Adam Gemili fastest qualifier for European 200m final
Adam Gemili qualified quickest for Friday's 200m final at the European Championships in Zurich.
The 20-year-old Briton, who also set the fastest time in the heats, easily won his semi-final in 20.23 seconds.
Dina Asher-Smith, 18, smashed Kathy Cook's 35-year-old British junior record as she made her first senior final with a personal best of 22.61.
She will be joined in the women's final by 20-year-old team-mates Bianca Williams and Jodie Williams.
It isthe first time three British women have made a European 200m final in more than half a century.
|BBC Sport athletics expert Colin Jackson|
|"Adam Gemili was dominant from the beginning and ran a strong and accurate bend. He pulled himself away from the field, there wasn't an ounce of tension in his face and he was just able to relax. At the moment the gold is in his favour because his main rival Christophe Lemaitre isn't running good bends and that will make a difference in the final."|
Gemili, who won silver in the 100m at the Commonwealth Games, ran a brilliant bend and looks in shape to upset France's 2010 champion Christophe Lemaitre, who had to work harder to win the first semi-final in 20.26.
"It takes you by surprise how quickly you are winning," Gemili told the BBC.
"It's a very good track but championship running is about saving energy. I slowed down and I've got more to show."
But team-mates James Ellington and Danny Talbot missed out on joining Gemili in the final.
Ellington, 28, finished fifth in the first semi-final in 20.52 - the same time managed by Poland's Karol Zalewski.
It meant the last fastest loser spot for the final went down to thousandths of a second, with Ellington eventually eked out after a 29-minute wait.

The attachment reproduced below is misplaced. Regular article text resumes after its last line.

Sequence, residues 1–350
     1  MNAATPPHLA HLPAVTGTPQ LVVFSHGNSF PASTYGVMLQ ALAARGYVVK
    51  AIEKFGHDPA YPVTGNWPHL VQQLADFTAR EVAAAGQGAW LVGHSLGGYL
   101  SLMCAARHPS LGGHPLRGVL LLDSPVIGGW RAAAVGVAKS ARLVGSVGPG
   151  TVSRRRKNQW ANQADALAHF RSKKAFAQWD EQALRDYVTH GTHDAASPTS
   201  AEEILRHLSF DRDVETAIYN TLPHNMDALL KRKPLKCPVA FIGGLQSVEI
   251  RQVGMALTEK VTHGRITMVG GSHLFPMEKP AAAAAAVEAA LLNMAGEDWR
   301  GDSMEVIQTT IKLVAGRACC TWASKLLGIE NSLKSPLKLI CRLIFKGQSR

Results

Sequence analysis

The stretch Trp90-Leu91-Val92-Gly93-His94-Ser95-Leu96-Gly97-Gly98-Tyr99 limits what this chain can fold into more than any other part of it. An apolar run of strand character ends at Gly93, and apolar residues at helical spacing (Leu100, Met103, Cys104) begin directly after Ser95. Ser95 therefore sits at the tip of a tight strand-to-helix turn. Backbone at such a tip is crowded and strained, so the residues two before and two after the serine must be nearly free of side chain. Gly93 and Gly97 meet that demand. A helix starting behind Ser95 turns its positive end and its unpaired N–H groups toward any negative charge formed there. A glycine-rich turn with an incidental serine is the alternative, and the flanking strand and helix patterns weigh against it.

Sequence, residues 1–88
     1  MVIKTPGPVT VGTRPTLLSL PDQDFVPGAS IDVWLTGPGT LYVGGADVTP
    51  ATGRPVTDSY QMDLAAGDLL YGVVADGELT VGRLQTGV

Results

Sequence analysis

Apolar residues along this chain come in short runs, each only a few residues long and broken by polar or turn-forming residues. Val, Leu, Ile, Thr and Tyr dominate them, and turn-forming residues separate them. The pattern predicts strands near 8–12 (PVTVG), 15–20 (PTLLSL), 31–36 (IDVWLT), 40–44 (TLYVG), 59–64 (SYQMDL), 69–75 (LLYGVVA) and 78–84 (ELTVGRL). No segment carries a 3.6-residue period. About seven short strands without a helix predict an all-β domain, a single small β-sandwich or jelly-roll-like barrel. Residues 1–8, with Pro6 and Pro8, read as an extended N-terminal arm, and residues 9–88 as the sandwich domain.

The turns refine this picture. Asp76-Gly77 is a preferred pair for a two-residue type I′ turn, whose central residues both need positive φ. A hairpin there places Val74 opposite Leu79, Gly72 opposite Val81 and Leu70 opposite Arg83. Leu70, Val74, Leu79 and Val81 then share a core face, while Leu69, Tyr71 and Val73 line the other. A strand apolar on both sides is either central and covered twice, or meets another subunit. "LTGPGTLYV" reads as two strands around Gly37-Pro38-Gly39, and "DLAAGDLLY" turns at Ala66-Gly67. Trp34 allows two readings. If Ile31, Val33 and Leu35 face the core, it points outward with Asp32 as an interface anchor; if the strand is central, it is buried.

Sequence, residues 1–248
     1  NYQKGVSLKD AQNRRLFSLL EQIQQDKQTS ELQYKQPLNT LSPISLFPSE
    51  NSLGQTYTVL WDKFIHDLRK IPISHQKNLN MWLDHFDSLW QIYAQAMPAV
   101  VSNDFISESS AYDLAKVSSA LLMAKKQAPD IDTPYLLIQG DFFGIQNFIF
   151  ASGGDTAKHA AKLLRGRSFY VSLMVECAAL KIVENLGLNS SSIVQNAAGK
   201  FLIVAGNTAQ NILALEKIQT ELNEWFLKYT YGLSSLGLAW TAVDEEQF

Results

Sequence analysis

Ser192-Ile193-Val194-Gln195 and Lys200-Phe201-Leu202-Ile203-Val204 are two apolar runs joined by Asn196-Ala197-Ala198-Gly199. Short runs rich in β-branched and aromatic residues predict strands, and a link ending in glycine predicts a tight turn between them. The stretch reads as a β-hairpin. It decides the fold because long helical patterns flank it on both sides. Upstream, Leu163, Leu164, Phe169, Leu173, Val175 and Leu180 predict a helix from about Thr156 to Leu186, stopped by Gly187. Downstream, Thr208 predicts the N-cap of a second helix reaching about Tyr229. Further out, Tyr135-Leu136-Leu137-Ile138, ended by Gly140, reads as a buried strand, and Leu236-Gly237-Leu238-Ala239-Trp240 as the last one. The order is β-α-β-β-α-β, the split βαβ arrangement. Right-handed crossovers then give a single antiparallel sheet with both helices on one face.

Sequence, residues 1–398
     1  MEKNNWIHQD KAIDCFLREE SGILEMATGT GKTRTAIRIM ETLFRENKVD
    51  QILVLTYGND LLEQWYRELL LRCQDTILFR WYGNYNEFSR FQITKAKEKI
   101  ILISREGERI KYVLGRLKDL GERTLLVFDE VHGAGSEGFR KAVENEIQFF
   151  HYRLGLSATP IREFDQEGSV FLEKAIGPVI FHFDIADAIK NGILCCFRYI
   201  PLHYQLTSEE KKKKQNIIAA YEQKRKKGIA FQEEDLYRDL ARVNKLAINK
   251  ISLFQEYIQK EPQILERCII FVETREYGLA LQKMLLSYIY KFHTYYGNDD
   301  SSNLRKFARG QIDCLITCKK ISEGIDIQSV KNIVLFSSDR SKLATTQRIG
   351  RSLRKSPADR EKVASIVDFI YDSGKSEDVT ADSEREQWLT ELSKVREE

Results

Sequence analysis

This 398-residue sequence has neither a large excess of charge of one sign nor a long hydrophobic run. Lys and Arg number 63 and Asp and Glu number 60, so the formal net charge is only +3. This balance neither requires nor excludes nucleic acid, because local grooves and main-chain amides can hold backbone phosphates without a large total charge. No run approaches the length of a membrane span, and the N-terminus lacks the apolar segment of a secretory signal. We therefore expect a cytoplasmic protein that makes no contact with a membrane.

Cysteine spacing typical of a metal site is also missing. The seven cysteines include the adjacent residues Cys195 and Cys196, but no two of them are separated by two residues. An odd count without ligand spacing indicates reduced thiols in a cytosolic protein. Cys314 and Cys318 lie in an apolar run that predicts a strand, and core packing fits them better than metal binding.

Asher-Smith, the world junior champion, had found out before the morning's heats that she had got the A-Level results she needed to get into King's College, London.
"I just really couldn't have asked for much more out of this day," Asher-Smith told the BBC.
"I'm going into the final fit and I feel I can go faster than I did as I slowed down at the end.
"When I saw the time maybe I've dipped under the junior record and I have. I'm over the moon. I can't wait to see what happens tomorrow."
|BBC Sport athletics expert Denise Lewis|
|"The British women just make this all look so easy, like they're meant to be here. Jodie Williams is still only 20 but she's running like a champion. The work she's done over 400m has increased that speed endurance and it's paying dividends in these championships. She's gone into a different stratosphere with her sprinting."|
Dafne Schippers, who won 100m gold on Wednesday, again looked the class act and will start as favourite, but Jodie Williams - fresh off a PB in winning Commonwealth silver - could barely have been more comfortable in winning the third semi, easing down over the last 25m in 22.90.
"I just did as much as I needed to do," Jodie Williams told BBC Sport. "Dafne Schippers is an amazing athlete but anyone's beatable and I'm going to be on that line wanting to win."
But Bianca Williams was unhappy with her performance, saying: "My body's tired. I ran enough at the Commonwealth Games so to make the final here I'm happy. I'm tired but I just want to do better in the final."
Scotland's two Commonwealth heroines Eilidh Child and Lynsey Sharp look ready to build on their Glasgow success after impressive wins in their respective semi-finals.
Child, the fastest 400m hurdler in Europe this year, beat one of her major rivals in Denisa Rosalova as she came away in 54.71 seconds.
Sharp was forced into the unfamiliar tactic of front-running in the second 800m semi-final but controlled the race impressively, coming home in two minutes, 01.32 seconds with England's Jess Judd, 19, hanging on to third to join her in Saturday's final.
Alison Leonard dropped out of the first semi-final after two collisions on the final lap.